We pulled into a motel with one car in the parking lot. I didn’t care. I was getting 75 big ones to do comedy. I marched into the lobby, with my chest out, head high, feeling great.
“Who are you?” the desk clerk asked.
“I’m Tarun Shetty – the comedian.”
She looked at a list on the wall.
“Oh, your room is right there.” She pointed to a door like five feet down the hall.
“Can I get some room service?” I asked.
“We don’t have a kitchen but we have a microwave and a vending machine.” She pointed to a big brown thing plugged into the wall. The on and off humming made it seem like it was dying a slow death in the corner.
“How about the comedy club. Can I get a ride tonight?”
She started laughing. “This is the comedy club!” She pointed to a set of double doors literally right next to my hotel door. Sure enough, inside was the motel showroom and I saw a xeroxed black and white picture of me hanging crooked on the wall.
I went back to my room. There's a lot of things to do before showtime, especially in Scranton. Like sleep, write jokes, watch TV, sleep, read, call home, sleep, take a shower, more sleep.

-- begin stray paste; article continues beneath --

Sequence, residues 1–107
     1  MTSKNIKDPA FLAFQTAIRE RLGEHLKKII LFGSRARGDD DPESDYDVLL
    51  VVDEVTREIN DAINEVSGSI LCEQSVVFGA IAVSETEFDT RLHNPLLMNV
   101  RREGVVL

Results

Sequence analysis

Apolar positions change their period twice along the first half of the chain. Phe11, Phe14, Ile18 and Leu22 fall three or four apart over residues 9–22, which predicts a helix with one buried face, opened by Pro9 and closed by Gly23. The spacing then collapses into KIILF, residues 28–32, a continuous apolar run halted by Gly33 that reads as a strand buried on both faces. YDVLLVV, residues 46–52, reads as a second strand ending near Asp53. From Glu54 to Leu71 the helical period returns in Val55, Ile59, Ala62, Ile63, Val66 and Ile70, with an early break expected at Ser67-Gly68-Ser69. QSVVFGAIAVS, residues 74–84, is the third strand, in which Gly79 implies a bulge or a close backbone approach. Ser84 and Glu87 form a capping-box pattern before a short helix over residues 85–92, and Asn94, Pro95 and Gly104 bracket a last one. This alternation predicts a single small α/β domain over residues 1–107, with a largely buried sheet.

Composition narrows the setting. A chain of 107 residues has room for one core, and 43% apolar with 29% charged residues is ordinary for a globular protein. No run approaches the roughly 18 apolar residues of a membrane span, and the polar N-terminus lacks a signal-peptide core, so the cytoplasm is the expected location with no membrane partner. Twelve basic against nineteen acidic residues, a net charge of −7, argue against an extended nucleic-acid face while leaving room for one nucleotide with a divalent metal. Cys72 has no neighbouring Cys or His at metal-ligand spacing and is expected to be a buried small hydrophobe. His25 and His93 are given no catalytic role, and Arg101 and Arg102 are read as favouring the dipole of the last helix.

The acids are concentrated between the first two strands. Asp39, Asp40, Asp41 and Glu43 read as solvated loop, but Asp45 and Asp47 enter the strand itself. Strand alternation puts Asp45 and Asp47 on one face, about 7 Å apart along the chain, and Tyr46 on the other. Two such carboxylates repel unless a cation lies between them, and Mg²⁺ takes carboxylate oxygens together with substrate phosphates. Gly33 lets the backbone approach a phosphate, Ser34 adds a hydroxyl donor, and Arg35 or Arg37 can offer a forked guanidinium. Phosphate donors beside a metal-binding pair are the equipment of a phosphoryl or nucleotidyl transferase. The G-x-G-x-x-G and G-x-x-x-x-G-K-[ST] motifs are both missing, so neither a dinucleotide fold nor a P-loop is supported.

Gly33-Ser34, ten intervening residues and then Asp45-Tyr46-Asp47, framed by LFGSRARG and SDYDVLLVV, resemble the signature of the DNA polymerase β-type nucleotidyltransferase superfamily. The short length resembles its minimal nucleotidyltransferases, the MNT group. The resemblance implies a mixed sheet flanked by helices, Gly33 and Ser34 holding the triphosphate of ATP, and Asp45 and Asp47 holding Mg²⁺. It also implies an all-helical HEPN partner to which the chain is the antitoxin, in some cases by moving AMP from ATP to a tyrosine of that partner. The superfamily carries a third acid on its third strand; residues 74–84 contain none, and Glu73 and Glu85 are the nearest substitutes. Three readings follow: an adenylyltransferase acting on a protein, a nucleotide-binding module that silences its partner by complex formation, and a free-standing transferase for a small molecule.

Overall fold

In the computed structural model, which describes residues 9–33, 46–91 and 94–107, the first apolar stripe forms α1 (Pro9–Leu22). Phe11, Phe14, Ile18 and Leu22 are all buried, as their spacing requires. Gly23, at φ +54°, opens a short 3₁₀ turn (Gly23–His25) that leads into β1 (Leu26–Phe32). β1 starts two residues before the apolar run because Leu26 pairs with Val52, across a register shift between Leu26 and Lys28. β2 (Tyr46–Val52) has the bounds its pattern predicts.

It seemed like I had just closed my eyes for the 15th time when I heard a loud knocking on my door. “10 minutes till showtime!”
I threw on my crumpled ‘comedy shirt’ from my bag, stuffed some Skittles into my mouth and trudged five feet into the next room. There were about 30 people seated and two older men standing in near the bar.
A lady approached me, waving her hands frantically. ‘Are you Tyroon? Ok, listen up. We have a packed show! (I guess 30 people was the whole town) I need you to do a tight 10 minutes up front and 4 and a half between each act. The red light is on the back wall. When you see it, wrap up, get off stage and don’t forget to mention the cheese stick specials.” I had no idea what she just said.
“Sounds good!” I replied.
I went to the bar, thinking shots of rum would clear my new headache. I ran into the other two comics trying to flirt with the bartender.